Tuesday, 21 May 2019

The Emerging Impact Landscape (Wade Kelly)

White Night Melbourne 2018 | Photo by Wade Kelly
Shared via Creative Commons CC BY-NC-SA 2.0
There’s considerable confusion about what ‘impact’ is, and this is no surprise given that it’s a term that’s used for so many things in the contemporary research space.

For my research, I’ve had many, many conversations with people across higher education in Australia and Canada at all career levels (graduate researchers, Early Career Researchers, Mid Career Researchers). Alongside the confusion about what impact is is what impact means (and will mean) to academics.

The following primer is a brief history of the impact landscape, an exploration of some of the trends in higher education, and some things to consider as you start your ‘impact journey.’

So, let’s start by clarifying some of the many meanings of impact. I find it easiest to consider impact as happening either inside (internal) or outside (external) of academia.

Tuesday, 14 May 2019

How cups of coffee lead to world leading research (Greg Dingle and Sam Grover)

La Trobe Sports Park | Photo courtesy of La Trobe University

What is it about a cup of coffee that can lead to a $48,000 research grant and world leading research?

The answer is that if that coffee is had at a university Early Career Researcher (ECR) event then, more likely than not, emerging researchers will be also talking for the first time with other researchers from outside their discipline where they have exchanged ideas and realised the linkages that exist between their seemingly disparate research interests.

The scenario described above actually happened in October 2015 when we – Dr Samantha Grover and Dr Greg Dingle – were chatting between sessions at the La Trobe University ECR Network Conference in the John Scott Meeting House.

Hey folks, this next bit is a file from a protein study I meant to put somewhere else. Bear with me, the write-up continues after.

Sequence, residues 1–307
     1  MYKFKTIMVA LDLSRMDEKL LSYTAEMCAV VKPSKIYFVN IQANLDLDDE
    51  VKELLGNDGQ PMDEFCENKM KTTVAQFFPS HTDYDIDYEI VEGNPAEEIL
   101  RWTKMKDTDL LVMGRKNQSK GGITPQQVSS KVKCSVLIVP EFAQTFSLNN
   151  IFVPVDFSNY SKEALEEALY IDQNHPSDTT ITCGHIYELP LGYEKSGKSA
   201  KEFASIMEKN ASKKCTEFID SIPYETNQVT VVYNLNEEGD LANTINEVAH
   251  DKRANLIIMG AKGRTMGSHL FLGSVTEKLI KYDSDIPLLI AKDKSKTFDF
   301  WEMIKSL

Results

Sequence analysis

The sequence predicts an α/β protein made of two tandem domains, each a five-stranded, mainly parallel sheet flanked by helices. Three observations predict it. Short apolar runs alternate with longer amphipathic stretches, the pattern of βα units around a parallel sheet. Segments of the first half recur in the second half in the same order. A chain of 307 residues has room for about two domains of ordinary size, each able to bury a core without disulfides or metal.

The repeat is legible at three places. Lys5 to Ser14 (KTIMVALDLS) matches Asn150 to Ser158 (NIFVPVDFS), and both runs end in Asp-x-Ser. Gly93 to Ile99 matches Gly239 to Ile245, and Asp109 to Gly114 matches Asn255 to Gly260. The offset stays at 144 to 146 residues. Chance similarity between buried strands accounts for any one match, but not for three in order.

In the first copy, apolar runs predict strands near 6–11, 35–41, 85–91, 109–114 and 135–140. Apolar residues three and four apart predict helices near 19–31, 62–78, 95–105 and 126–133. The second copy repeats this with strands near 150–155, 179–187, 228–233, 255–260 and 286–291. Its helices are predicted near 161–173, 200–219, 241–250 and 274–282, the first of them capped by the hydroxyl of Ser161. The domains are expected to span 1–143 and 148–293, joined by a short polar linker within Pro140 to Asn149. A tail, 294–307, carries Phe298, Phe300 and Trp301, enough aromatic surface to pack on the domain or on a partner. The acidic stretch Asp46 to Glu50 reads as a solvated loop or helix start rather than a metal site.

We were there to give presentations on our latest research and explore the potential for collaborating with researchers from outside our disciplines. Sam is a soil scientist, and Greg is a social scientist specialising in sport management. In addition, Greg thinks that the opportunity to have a free lunch should never be missed!

Tuesday, 7 May 2019

Showing up (Rachel Loney-Howes)

This article, written by La Trobe University PhD alumna Rachel Loney-Howes, is cross-posted from the University of Wollongong Careers blog. It is an excellent example of the importance of building your profile and reputation as a scholar and colleague from early in your career. 

This work is licensed under a Creative Commons Attribution-NonCommercial-NoDerivatives 4.0 International License.

------------------------------------------

Photo by Fabian Gieske | unsplash.com
In recent years, career development researchers have focused on the role of chance and luck in career development. They’ve found that, although on reflection we have a tendency to ‘reframe’ our career success in terms of luck, there are certain behaviours and attitudes that contribute to taking advantage of ‘chance’ events. Dr Rachel Loney-Howes a Lecturer from the School of Health and Society here at UOW was ‘lucky’ enough to start an ongoing academic position 6 months after her PhD (yes – 6 months!) In this blog post, she talks about one of the behaviours that helped make that happen.